Latin America likes babies. And mums.

IMG_2031Here in Peru they play fast and loose with traffic rules, protest marches are only ever a tear-gas cannister away from becoming riots and there’s always a horde on hand to clearfell Amazonian rainforest to dig for gold or build a new shanty town on the desert coast.

It can be downright depressing.

But when it comes to being a mother, this is the place to be. In Latin America, people are nice to mothers. They let them take the fast lane at the bank, in the airport and many shops. They won’t actively try to run you over – at least if you have your child with you in plain sight. Waiters are happy to see you. Fellow diners and airline passengers don’t do the whole exaggerated eye-roll when they spot you with cherub in tow. Even the slouchy long-haired marijuana-toking teens hiding down by the clifftops dissolve into “oohs” and “aahs” at the sight of a baby, “How many months?” “Ooo look at her chubby legs!”

On days when I hate Peru, amid my ranting (no one EVER gives way for you on the footpath, it’s like a goddam game of chicken! Etc) I feel a certain amount of guilt that my whinges are first-world whinges. I grew up in one of the world’s most politically stable and equitable societies, where people are on the whole friendly, they observe road rules because there’s a policeman behind every bush, and there’s a strong sense of communal good because most people aren’t engaged in a rat-race to survive.

I almost certainly would not have the option of a nanny at home; it is a great luxury in the “first world”. But here, in a country where about a third of people still live in poverty, it is an option.

So my current quandary feels a lot like a first-world whinge, even though it isn’t.

I’m trying to decide on a nanny for Lola when I go back to work in February. I don’t want to go back to work at all, but staying at home is not an option. Back home this would mean childcare, and here it means a nanny.

A very nice lady has been helping in the house since Lola was born and she would clearly like to be here nanny. But I quiver at the thought. I don’t want to hand her over to ANYONE. I’m already jealous if this lady dives in to try and pry her away from me every now and then, and she’s just trying to help. And just know I found her feeding a grape to Lola! Lola was sucking away with great gusto, and all I could think was – “I wanted to give her her first taste of grape! Who told you you could give my child grape?”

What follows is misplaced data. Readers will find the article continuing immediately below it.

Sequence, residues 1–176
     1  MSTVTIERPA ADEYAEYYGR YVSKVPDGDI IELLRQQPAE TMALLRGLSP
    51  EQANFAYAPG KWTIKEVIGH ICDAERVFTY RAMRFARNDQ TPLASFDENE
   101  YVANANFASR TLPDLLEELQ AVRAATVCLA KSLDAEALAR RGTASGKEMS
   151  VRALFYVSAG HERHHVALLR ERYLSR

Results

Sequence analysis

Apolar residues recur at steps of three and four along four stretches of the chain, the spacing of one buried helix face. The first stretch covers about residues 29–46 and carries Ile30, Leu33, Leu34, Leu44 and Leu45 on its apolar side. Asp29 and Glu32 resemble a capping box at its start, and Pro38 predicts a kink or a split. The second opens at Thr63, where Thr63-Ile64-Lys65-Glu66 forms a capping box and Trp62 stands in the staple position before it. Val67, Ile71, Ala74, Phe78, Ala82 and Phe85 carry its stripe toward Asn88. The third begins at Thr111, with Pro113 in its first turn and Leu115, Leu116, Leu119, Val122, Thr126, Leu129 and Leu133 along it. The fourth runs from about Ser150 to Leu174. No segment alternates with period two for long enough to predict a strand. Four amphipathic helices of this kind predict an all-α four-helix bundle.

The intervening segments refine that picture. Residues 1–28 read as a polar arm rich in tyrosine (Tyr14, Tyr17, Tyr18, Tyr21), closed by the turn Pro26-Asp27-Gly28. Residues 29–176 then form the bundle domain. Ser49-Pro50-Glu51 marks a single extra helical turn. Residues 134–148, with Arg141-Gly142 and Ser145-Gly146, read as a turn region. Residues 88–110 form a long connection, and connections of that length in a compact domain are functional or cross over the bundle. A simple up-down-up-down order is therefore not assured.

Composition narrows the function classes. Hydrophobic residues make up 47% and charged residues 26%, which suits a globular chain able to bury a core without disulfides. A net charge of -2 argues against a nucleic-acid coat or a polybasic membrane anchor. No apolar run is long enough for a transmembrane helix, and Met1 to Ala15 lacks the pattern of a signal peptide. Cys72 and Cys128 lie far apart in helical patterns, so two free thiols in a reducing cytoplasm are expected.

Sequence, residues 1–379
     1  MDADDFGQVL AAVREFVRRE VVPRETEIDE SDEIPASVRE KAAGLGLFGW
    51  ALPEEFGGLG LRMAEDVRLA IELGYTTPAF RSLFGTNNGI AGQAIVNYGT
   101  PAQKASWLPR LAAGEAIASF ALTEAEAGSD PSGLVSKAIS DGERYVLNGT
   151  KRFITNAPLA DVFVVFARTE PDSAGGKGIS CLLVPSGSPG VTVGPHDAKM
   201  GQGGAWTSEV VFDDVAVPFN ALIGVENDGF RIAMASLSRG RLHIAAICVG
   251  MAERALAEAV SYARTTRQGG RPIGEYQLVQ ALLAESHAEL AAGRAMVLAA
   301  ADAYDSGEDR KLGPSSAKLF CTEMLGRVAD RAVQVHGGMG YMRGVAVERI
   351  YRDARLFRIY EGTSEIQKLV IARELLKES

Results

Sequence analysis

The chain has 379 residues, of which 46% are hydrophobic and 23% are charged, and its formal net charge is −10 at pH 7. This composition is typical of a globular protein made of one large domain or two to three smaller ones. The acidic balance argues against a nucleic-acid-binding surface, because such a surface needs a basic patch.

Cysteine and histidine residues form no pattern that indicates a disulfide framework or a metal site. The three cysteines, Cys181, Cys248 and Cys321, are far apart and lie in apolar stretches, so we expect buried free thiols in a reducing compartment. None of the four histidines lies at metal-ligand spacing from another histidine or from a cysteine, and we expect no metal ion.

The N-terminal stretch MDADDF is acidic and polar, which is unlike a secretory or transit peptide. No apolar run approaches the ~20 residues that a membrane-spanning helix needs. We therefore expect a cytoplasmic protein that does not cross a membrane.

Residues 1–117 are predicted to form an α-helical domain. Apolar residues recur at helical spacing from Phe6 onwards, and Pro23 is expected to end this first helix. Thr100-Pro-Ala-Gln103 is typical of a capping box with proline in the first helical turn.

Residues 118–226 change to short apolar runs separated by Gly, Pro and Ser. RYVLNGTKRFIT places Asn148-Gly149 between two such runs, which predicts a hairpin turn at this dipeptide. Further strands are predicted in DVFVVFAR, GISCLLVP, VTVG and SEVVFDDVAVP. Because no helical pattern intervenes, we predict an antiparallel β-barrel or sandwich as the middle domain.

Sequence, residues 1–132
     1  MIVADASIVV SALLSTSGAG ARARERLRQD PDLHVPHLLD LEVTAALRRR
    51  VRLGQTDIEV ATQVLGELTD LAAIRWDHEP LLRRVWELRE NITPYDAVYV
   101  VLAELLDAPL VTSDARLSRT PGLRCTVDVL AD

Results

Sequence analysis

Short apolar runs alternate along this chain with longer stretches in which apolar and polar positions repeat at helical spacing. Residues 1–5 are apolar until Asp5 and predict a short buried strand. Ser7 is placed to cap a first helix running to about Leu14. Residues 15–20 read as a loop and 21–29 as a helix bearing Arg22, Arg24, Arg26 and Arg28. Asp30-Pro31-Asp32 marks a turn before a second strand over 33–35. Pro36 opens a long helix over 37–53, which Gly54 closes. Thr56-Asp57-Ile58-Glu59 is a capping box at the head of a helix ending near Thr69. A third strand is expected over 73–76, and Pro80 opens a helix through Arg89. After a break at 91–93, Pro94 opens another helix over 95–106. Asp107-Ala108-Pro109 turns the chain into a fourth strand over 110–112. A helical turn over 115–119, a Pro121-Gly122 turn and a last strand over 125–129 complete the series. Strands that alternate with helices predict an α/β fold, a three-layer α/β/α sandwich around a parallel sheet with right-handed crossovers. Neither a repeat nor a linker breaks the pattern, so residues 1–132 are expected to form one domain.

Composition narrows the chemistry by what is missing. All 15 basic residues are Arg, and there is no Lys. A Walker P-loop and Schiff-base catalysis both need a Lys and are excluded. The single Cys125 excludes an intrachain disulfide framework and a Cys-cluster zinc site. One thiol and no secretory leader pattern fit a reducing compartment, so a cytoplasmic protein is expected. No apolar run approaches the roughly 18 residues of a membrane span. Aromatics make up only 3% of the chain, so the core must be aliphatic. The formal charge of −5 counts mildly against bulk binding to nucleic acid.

I told her she should never ever give anything to the baby to eat or drink without asking me first. I wasn’t obviously angry. But inside I’m all whipped up.

She obviously loves Lola, and she’s a good person, very honest and straightforward, with initiative. And she’s a mother of two – but then she’s told me about all kinds of problems she had with her own children because she didn’t really know what she was doing at the time. And not just small stuff – her daughter was so sick she went to hospital. This is not uncommon in Peru – many children in poorer rural communities have malnutrition because their parents just don’t know what to feed them.

The other option is to trial some nannies that have been recommended by friends of friends. Ideally I want someone with LOTS of baby experience, and maybe even a nursing background. I think, post-grape, I’ll arrange for a few trials in the new year, and see what I think then.

Before Lola arrived, I thought having a nanny would be a great idea for balancing work and life. I could go back to work and Lola would have lots of one-on-one attention. Now I’m having a panic attack/fit of jealousy at the thought of her spending her days with some other woman. And even if this woman is highly qualified, will she be as patient as me? Will she be as thrilled as me by the small steps? Will she be as inventive with play? Will she be able to react to an emergency sensibly? Can I trust her to walk across a road with Lola (seriously, crossing a road can be a hazardous affair here).

I’m sure none of this will inspire much sympathy from fellow new mums or mums-to-be because many of you will be struggling with the same kinds of thoughts about childcare. And childcare means your child is sharing the attentions of a caregiver other than yourself, so even scarier!

There’s no pithy way to wrap this up… except to say I have been wondering how I possibly could stay at home. Would I be throwing my career (and our financial security) out the window if I worked from home or went part-time for a few years? Not that these are even options yet.





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